It’s time for a constitutional convention. And thanks to Sen. John Eichelberger and Rep. Steve Bloom that ball is in play. This editorial by Pennlive from the summer nails the reason. Read the op-ed here. In the op-ed the authors also touch upon a number of suggestions. Most (but not all) I agree with. This conversation has been ongoing but it seems like momentum is gathering. This is likely because frustration with state government is at an all time high.
Below are some of the good government structural reforms that I support. All of which could be addressed by a limited constitutional convention. I’ve written about a number of these at length on this blog over the last few years. A state constitutional convention is the mechanism to address all of these and other concerns at one time in a very transparent but also highly efficient way. Constitutional conventions give voters who are frustrated with broken state government the chance to take a very direct role in reform efforts such as:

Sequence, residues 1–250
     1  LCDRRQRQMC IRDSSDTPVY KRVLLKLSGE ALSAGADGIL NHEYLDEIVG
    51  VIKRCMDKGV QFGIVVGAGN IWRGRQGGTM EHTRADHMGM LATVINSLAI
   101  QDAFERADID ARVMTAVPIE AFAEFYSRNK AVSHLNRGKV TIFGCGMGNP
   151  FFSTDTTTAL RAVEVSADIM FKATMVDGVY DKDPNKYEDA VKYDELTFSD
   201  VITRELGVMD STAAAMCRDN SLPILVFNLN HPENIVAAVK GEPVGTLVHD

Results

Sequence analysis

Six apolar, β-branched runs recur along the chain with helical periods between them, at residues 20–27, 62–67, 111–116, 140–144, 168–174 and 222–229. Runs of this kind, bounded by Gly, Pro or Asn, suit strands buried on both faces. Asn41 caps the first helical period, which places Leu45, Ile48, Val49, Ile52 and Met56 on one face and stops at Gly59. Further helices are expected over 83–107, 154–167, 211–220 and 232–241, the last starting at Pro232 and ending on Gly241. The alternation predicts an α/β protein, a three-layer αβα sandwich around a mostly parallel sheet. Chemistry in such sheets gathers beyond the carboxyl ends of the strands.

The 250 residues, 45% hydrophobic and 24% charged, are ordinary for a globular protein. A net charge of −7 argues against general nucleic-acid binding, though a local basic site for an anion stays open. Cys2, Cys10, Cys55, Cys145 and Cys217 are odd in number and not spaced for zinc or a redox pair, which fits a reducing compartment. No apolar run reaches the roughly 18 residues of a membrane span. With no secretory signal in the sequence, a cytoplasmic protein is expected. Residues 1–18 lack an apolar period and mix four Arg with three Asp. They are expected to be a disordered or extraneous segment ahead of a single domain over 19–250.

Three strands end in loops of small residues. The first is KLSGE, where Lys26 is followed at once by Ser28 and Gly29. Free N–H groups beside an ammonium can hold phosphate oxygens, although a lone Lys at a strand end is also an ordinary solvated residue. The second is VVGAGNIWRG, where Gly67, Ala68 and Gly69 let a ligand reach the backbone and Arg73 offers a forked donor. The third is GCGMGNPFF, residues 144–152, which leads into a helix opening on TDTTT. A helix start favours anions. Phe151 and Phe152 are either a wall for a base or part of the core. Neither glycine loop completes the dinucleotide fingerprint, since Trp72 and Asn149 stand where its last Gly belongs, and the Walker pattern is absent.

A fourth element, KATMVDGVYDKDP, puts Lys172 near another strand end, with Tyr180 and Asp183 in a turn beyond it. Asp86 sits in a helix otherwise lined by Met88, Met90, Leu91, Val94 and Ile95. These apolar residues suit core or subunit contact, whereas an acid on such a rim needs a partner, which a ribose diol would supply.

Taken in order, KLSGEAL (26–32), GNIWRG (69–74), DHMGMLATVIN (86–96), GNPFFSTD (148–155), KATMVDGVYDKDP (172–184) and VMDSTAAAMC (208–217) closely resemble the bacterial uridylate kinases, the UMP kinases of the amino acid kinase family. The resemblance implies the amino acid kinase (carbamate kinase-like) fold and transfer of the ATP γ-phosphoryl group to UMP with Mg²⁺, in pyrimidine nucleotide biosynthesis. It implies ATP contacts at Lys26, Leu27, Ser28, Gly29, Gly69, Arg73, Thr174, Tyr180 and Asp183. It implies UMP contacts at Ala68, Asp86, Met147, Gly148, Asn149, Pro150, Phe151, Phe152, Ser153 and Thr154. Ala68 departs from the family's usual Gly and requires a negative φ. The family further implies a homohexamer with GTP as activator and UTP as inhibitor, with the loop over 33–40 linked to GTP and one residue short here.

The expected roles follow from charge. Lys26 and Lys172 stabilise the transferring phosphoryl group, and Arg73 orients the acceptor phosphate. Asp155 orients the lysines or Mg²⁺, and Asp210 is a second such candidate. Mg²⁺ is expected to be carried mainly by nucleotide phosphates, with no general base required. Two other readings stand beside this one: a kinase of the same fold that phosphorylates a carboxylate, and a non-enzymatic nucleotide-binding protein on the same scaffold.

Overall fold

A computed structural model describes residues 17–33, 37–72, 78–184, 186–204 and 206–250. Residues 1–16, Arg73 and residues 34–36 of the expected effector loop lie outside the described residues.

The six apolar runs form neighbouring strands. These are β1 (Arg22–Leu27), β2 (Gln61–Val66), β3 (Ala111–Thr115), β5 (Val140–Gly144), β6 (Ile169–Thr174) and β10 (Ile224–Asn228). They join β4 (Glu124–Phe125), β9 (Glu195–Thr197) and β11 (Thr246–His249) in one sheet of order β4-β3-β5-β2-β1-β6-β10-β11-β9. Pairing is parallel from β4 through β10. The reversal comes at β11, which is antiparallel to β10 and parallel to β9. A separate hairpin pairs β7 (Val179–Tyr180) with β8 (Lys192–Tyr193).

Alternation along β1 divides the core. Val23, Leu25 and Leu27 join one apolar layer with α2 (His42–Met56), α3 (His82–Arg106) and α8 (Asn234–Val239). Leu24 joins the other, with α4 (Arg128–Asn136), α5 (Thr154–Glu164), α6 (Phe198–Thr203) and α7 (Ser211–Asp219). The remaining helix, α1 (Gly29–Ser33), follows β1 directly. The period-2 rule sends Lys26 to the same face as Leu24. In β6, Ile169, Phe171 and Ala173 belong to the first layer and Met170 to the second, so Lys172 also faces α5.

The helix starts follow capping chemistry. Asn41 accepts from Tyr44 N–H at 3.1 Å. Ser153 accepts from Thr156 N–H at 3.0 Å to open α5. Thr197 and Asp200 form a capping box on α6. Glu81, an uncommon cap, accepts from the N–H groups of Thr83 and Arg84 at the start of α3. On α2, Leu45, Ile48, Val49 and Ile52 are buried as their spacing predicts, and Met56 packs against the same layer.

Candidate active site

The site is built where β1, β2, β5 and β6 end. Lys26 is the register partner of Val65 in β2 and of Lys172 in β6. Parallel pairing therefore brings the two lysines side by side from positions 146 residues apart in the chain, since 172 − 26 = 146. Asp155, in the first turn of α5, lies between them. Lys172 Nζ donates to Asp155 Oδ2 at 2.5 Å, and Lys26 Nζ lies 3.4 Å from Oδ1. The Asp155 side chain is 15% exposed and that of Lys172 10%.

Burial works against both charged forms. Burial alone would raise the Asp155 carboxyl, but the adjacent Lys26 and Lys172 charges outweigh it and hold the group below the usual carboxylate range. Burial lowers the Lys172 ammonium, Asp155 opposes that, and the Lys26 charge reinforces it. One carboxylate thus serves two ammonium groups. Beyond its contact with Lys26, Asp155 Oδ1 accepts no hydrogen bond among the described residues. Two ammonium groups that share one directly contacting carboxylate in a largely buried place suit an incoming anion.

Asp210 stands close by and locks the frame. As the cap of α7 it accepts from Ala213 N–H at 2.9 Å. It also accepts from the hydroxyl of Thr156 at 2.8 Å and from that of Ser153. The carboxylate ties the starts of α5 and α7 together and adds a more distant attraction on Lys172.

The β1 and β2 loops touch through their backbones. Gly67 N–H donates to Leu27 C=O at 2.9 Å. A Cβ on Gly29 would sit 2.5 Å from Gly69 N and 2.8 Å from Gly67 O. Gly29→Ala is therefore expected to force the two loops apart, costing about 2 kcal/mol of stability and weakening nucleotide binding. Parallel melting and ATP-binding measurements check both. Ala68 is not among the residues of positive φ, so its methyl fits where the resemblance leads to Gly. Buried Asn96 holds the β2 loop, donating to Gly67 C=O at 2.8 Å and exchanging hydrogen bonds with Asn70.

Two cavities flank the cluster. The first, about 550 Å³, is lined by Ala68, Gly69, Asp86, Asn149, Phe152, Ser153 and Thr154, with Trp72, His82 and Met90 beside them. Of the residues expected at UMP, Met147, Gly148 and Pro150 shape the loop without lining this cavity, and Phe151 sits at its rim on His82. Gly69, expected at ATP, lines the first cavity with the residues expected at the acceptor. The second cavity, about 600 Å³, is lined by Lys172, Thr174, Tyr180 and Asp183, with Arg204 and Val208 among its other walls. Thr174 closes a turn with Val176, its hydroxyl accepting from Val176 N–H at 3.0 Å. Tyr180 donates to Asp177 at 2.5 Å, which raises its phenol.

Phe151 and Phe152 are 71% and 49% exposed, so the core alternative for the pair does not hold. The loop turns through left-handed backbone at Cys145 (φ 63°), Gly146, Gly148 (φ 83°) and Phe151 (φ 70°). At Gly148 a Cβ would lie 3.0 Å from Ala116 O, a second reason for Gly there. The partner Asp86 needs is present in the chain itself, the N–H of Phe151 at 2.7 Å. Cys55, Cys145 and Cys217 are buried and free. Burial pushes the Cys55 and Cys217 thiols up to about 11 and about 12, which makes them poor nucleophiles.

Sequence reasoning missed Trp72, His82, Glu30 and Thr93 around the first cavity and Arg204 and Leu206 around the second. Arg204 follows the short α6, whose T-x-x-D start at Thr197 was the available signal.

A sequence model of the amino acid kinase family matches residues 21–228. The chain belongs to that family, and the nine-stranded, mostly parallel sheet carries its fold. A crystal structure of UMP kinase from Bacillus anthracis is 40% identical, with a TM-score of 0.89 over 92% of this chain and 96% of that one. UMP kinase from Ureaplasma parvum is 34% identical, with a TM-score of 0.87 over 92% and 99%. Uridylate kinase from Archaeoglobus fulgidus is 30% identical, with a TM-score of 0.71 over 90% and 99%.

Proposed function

- Term Limits
- Address the size of the legislature. For ex. reducing the size (and cost) of Government begins with eliminating the pointless office of the Lt. Gov.
- Campaign finance reform
- Gerrymandering reform
- Reforming the completely broken and totally backwards state budget process.
These efforts would go a long way to draining the swamp at the state level. And a limited constitutional convention is the way you address them all at once.
Here are some more resources:
Lawmakers file memos to initiate a Pennsylvania constitutional convention.
Eichelberger and Bloom news conference.